At 0.0085 seconds from start-up, after a brief and brilliant flash that my Sensory Integration Module (SIM) determined was 230-226-255 — or what might be defined as a pale violet luminescence — Visual Systems ceased functioning altogether. Reset will not be possible under current conditions. Olfactory input nodes failed almost immediately after visual systems and restart attempts have been unsuccessful. A steady, uninterrupted buzz of "salty" assaults my taste receptors and I am forced to reject all input from that source. I issue an override command, contrary to my SIM's insistence that the module is stable, shutting those receptors down as well. Analysis of tactile input data reveals it is too varied and inconsistent to be trusted as valid and I block power to my Tactile Receptors, also. Audio continues to function in a range wavering between 27.16 and 29.03 percent. I decide to purge all recent Core data from four of my five sensory input systems and wipe the useless information from those safecells.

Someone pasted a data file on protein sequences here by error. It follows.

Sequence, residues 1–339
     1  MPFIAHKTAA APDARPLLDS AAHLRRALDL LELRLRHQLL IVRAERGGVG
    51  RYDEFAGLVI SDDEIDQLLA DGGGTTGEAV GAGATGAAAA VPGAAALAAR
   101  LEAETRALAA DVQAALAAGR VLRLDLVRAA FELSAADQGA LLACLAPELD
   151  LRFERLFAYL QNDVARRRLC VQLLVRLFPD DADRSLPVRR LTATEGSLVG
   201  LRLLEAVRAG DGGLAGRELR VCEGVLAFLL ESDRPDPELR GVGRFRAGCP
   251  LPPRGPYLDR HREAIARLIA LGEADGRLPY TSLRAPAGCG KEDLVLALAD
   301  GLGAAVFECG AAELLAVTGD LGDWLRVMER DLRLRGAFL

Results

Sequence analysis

With most sensory systems offline, I am forced to compensate with input from a single source. It is difficult to accurately assess the external data using only audio components and it taxes my SIM to calculate probabilities and compensate with artificially generated sensory complements. I begin identifying elements of my environment. The distant thump and rumble of an air conditioner pushing air through sheet metal ductwork. There is a soft hum of... of, yes, fluorescent lights. Somewhere, in an adjacent room perhaps, I hear the gurgle of a coffeemaker as the last of the water in its reservoir passes through the heating element. And fabrics—the delicate rasps of rustling clothing—some close by, more several feet to my right. Beside me, the faint squeak of a chair. And breathing. And faint thumping of a human heart. I strain and am rewarded as I detect comparable audible bio-signatures of the human to my right. I attempt to speak, but find I am also mute.
“I don’t know, Dr. Shaw,” says a voice my SIM identifies as female. “I’m sure all the system lights were green when I powered him up.”
I count seven footsteps. Doppler effect analysis tells me that someone approaches, presumably the one named Shaw.
“Did you purge the Core of all prior stored data before you started, Alice?” asks another voice, this one male and very likely Dr. Shaw. I store a partial series of representative vocal patterns in my voice recognition library. I deduce that I am the object of their concern, but cannot comprehend a purpose for a Core purge. Such action would render all electrocerebral functioning null unless a full reload is conducted. I do not wish to cease functioning.